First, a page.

- Rebecca Cook/Reuters
Ford’s relationship with President Donald Trump had a rocky start.
When Trump announced his candidacy for president in June 2015, he attacked Ford’s plan to build a manufacturing plant in Mexico, using it as a jumping-off point to discuss how he would crack down on companies that moved jobs out of the US by building plants abroad.
It was that attack that prompted Ford’s first correspondence with Trump.
“I got a hold of his email, and I wrote him a note and said, ‘Congratulations on running for president,’ and gave him some facts,” Ford CEO Mark Fields said during a recent visit to Business Insider’s headquarters.
Trump sent a handwritten note back, Fields said.
That’s because Trump is known to use email on a very limited basis. His aides often handle his online presence for him – for example, The Washington Post reported in July 2015 that despite being an avid Twitter user, Trump usually dictates them to a communications director, who then has aides post them.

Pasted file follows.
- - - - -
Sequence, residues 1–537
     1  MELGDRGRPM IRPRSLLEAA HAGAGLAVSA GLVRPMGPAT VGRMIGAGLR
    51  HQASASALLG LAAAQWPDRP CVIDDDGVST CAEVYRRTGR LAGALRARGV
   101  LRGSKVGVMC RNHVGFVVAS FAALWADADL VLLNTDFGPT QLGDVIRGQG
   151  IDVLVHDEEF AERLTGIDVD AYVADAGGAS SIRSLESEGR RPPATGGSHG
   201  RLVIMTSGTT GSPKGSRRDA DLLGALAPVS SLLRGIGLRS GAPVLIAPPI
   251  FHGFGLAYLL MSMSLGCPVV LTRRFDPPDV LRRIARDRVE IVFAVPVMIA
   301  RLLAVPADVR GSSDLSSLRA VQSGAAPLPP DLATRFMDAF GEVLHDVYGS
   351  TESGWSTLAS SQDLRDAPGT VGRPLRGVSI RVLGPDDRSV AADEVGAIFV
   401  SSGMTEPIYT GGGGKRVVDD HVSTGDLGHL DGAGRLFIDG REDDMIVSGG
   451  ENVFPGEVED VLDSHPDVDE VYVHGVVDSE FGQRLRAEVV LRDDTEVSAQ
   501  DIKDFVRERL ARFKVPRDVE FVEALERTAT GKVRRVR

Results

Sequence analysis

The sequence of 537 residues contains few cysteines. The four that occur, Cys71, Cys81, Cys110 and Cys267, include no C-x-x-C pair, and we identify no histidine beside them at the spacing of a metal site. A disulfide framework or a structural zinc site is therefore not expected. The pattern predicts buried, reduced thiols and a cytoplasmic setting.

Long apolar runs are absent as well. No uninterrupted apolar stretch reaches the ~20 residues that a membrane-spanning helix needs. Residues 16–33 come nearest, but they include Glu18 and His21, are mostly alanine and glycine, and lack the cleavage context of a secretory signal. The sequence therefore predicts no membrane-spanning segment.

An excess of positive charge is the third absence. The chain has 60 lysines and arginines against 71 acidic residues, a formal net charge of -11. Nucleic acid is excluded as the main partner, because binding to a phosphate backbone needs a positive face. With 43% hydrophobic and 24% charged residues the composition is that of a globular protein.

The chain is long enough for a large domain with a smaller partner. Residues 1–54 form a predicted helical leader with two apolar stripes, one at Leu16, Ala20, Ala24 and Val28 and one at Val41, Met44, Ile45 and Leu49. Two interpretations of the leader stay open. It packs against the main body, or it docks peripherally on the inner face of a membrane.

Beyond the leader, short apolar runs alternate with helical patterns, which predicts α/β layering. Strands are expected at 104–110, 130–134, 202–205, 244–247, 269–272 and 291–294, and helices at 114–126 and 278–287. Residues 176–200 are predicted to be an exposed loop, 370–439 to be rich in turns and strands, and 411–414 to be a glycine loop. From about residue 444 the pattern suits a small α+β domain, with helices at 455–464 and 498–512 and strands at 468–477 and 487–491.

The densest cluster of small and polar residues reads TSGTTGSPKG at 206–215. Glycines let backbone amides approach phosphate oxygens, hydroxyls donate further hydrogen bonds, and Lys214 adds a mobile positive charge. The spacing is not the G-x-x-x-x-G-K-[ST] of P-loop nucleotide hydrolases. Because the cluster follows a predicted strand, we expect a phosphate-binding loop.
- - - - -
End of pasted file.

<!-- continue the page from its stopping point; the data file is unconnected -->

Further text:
Still, Trump had a war of words with Ford for a while.
In November, Trump incorrectly credited himself with persuading Ford to keep a manufacturing plant in the US instead of moving it to Mexico.
Ford said it had never planned to move its Louisville, Kentucky, plant there, but rather shift production of one of its vehicles from Louisville to Mexico. That move wouldn’t have resulted in any job cuts, Ford said at the time.
“We were just always coming back with the facts, because that’s what you do as a company – you set the record straight,” Fields said of his correspondence with Trump at the time.
The relationship between Ford and Trump seems to have strengthened since then. Fields attended two meetings this month at the White House about US manufacturing, and he’s part of the president’s Manufacturing Jobs Initiative.
“I’m really glad we now have a productive relationship and he’s prioritized manufacturing and automotive,” Fields said.